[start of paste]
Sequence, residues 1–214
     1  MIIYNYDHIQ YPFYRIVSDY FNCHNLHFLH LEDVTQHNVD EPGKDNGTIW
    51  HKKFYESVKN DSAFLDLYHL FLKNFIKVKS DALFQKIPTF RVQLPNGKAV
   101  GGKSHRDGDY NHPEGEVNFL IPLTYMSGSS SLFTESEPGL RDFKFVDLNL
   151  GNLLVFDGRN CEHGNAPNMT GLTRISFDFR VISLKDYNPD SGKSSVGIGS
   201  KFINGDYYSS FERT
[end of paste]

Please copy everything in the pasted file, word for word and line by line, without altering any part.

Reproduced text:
Sequence, residues 1–214
     1  MIIYNYDHIQ YPFYRIVSDY FNCHNLHFLH LEDVTQHNVD EPGKDNGTIW
    51  HKKFYESVKN DSAFLDLYHL FLKNFIKVKS DALFQKIPTF RVQLPNGKAV
   101  GGKSHRDGDY NHPEGEVNFL IPLTYMSGSS SLFTESEPGL RDFKFVDLNL
   151  GNLLVFDGRN CEHGNAPNMT GLTRISFDFR VISLKDYNPD SGKSSVGIGS
   201  KFINGDYYSS FERT